Anticipatory aspects of news gathering and processing have been neutered and most of what is left is reactive coverage.
Clauses in Kenya's constitution appear alien in many a local newsroom, and not many journalists are astute enough to navigate through relevant statutes.
This leaves the media at the mercy of those touted as analysts or experts, but which then also leaves the door wide open for inherent biases, prejudices and partisanship that cloud the understanding of issues.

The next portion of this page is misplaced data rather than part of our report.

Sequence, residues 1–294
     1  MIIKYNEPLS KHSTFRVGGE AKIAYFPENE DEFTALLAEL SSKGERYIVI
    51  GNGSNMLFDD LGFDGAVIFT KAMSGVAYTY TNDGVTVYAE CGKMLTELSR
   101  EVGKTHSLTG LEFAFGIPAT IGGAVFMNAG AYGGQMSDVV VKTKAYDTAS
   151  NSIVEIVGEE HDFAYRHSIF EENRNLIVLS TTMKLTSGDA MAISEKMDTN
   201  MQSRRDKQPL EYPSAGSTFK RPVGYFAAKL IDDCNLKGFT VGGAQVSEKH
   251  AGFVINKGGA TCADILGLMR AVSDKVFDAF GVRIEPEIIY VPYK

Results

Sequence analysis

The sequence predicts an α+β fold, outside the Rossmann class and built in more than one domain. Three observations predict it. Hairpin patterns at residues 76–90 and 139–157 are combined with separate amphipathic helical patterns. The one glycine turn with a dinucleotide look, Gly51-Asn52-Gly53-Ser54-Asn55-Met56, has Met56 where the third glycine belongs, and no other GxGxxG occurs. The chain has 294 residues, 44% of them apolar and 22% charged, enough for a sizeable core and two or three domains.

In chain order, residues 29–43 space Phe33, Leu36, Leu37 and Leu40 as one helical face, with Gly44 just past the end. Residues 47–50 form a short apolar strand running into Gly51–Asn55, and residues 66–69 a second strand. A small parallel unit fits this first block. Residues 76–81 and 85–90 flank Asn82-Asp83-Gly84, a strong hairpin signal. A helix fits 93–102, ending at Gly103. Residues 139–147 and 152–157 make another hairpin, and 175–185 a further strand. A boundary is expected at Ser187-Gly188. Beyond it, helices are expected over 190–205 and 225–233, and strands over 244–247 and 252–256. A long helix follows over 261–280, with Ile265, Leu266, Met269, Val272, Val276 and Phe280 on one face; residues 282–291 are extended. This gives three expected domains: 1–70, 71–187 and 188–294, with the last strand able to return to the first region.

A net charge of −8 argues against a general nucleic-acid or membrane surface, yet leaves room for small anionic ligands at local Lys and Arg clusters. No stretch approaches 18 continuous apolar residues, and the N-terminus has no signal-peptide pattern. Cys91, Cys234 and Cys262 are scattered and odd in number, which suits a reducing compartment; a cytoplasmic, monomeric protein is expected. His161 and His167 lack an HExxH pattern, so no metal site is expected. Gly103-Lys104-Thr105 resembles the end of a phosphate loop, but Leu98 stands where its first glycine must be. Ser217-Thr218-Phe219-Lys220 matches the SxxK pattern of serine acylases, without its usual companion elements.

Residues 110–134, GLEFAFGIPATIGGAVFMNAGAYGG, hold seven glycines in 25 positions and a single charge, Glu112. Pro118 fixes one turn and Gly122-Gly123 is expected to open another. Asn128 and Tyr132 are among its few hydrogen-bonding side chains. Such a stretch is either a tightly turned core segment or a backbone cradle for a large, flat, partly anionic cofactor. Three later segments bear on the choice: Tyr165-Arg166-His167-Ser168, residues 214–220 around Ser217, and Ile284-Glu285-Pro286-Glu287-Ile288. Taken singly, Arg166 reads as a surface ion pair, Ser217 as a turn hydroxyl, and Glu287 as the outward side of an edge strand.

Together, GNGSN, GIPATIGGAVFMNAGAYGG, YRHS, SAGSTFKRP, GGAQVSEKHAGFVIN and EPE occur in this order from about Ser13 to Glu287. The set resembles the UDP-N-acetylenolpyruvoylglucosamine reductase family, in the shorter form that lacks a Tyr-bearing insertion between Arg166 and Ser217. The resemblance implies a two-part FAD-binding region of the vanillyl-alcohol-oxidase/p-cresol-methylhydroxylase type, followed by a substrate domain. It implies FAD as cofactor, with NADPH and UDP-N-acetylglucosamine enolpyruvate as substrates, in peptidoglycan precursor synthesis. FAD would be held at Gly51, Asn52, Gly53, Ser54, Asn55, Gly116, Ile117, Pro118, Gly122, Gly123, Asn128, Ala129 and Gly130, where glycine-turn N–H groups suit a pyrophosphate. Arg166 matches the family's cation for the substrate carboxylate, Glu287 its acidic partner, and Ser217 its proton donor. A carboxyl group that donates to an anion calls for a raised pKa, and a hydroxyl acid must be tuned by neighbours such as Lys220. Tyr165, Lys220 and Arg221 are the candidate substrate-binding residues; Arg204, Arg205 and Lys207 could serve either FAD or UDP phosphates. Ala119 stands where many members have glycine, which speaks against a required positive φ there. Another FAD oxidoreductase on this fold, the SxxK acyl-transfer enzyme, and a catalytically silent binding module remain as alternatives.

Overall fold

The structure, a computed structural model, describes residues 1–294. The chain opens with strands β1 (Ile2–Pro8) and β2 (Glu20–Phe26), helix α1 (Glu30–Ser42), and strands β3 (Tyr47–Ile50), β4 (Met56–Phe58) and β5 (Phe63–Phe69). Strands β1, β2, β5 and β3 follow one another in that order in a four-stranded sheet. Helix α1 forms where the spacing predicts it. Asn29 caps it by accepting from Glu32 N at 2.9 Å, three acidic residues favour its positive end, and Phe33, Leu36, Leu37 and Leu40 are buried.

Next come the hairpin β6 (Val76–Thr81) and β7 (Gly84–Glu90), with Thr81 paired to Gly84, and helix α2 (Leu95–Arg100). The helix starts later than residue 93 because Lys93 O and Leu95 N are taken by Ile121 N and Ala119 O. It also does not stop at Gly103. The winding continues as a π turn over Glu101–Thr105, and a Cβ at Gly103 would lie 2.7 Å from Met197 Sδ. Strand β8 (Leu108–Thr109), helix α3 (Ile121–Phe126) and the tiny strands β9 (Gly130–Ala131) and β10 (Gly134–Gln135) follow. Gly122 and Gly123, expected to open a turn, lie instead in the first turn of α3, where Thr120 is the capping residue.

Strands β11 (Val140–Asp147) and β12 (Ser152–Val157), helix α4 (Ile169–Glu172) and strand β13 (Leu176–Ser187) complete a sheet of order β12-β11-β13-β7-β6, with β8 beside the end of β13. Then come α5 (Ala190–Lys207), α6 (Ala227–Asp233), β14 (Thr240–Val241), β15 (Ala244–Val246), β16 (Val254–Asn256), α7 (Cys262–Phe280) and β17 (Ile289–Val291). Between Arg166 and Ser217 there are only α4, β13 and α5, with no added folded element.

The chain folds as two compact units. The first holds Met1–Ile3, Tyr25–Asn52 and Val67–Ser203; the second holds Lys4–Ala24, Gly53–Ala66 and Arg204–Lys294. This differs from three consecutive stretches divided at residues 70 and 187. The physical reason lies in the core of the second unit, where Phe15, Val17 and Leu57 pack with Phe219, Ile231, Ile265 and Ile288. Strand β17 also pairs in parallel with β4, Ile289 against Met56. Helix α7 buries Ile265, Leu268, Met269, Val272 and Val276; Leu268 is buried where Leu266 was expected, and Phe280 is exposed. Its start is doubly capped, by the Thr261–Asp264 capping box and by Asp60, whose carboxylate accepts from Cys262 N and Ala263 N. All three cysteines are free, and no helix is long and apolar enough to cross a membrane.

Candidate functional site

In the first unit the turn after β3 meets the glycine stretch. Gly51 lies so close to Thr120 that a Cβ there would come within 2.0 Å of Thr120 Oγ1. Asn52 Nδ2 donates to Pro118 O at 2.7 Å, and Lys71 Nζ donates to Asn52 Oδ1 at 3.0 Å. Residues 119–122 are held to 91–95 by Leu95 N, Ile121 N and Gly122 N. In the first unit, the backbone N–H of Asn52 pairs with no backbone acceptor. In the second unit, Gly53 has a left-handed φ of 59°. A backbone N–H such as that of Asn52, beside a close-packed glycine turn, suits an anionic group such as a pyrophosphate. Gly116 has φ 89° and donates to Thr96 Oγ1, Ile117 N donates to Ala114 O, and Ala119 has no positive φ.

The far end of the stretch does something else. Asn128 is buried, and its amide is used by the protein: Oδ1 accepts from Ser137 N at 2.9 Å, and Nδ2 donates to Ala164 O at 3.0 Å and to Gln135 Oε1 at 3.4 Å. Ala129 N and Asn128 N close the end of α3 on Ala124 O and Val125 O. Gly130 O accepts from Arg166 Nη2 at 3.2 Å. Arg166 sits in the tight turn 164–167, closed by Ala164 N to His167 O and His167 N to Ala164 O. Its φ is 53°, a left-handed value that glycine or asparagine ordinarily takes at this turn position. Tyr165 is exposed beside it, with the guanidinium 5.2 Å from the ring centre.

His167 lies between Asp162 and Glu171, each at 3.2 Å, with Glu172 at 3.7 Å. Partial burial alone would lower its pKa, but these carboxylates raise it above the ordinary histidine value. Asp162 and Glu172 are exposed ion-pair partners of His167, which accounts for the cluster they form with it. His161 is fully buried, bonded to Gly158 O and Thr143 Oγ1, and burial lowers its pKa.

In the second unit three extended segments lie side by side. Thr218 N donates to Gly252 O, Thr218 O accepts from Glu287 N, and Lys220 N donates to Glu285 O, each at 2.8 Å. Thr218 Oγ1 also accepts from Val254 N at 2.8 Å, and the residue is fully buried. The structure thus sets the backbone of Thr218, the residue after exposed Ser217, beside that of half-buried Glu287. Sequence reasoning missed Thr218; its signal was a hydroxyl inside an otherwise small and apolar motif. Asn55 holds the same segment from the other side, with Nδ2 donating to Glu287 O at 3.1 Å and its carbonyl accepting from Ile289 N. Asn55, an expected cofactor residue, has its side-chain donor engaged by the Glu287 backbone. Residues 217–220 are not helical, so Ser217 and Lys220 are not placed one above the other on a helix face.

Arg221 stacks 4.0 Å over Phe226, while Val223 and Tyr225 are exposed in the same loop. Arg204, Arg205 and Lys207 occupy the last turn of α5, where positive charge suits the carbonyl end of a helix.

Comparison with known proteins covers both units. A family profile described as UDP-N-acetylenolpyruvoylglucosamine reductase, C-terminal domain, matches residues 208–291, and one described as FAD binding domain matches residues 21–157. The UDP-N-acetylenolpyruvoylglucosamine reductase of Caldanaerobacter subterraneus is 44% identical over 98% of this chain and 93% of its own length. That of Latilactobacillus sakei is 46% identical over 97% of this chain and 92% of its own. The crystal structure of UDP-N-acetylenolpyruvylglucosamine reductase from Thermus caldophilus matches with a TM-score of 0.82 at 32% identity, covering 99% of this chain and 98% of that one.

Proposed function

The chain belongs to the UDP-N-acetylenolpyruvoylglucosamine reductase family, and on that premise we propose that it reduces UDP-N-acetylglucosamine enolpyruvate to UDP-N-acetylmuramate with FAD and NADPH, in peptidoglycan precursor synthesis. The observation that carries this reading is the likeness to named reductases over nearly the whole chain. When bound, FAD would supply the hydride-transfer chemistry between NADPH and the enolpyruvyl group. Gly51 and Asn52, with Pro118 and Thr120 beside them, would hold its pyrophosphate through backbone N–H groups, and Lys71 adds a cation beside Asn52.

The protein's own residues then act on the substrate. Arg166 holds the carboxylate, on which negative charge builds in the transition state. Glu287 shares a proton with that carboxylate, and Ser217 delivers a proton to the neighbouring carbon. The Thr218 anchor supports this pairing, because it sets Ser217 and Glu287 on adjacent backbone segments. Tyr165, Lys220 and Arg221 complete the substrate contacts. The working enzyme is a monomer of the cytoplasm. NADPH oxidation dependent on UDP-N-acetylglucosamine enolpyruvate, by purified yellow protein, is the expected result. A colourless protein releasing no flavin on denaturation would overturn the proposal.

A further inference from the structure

If the media can't arrive at their own underlying positions, backed by solid research, with which to test or counter-check with credible authorities, then it will be hard to know if they are being led astray, to serve extraneous purposes.
And there are plenty of nefarious puppet masters, well capable of manipulating 'media marionettes' to advance an agenda that's far removed from the public's interest.